For the original 1963 version of The Nutty Professor (later popularized by two movies starring Eddie Murphy), all the characters basic characterizations have ties to people and personalities from director/co-writer/lead star Jerry Lewis. His own character Julius Kelp was a Lewis staple, having appeared earlier in Rock-A-Bye Baby (1958) while basically identical characters would appear in The Family Jewels (1965) The Big Mouth (1967) and in various sketches on his self-titled variety show in the late-1960's.
Kelp's suave alter ego Buddy Love is often interpreted as a lampoon of Lewis' show business partner Dean Martin (the duo were highly successful from 1946 to 1956 before an acrimonious breakup when they did not speak to each other for decades), though Lewis himself consistently denied this rumor. Film critic Danny Peary made the claim in his 1981 book Cult Movies that the character of Love is actually a representation of a dark side of Lewis's real personality while Lewis stated that the two represented good and evil. Later on, in his own 1982 autobiography and again in a DVD featurette entitled The Nutty Professor: Making The Formula, Lewis stated that the character was based on every obnoxious, self-important, hateful hipster he ever knew, but in the DVD commentary, Lewis speculates that he perhaps should have made Love more evil rather than simply obnoxious. This was because, in irony, to his surprise more fan mail came for Love than for the professor. Either way, the inspiration paid forward.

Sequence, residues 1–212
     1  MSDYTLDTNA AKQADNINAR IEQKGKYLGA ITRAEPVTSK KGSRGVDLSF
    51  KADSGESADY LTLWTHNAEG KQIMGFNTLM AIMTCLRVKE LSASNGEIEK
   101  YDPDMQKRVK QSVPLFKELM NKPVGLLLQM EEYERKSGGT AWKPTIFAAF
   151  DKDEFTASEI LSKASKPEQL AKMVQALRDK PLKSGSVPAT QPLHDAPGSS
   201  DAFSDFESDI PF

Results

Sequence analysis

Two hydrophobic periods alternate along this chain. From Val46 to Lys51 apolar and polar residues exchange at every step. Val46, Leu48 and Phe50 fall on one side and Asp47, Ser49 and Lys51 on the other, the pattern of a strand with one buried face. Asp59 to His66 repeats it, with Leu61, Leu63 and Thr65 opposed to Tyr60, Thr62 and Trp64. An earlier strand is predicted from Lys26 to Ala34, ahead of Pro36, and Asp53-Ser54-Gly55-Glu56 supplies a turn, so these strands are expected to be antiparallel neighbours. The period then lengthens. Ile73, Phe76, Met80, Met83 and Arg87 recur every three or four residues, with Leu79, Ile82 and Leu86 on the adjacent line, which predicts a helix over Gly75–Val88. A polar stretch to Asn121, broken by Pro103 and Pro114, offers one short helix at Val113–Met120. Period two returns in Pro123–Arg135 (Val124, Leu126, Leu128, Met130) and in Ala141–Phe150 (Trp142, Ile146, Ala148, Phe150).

The character of Professor Frink from the animated television series The Simpsons loosely borrows many of his mannerisms and technique from Lewis' delivery of the Julius Kelp character, as well as the transition to a Buddy Love version of Frink in several episodes. As a way to come fully circle, in the episode "Treehouse of Horror XIV", the character of Frink's father was voiced by Lewis. Stay tuned!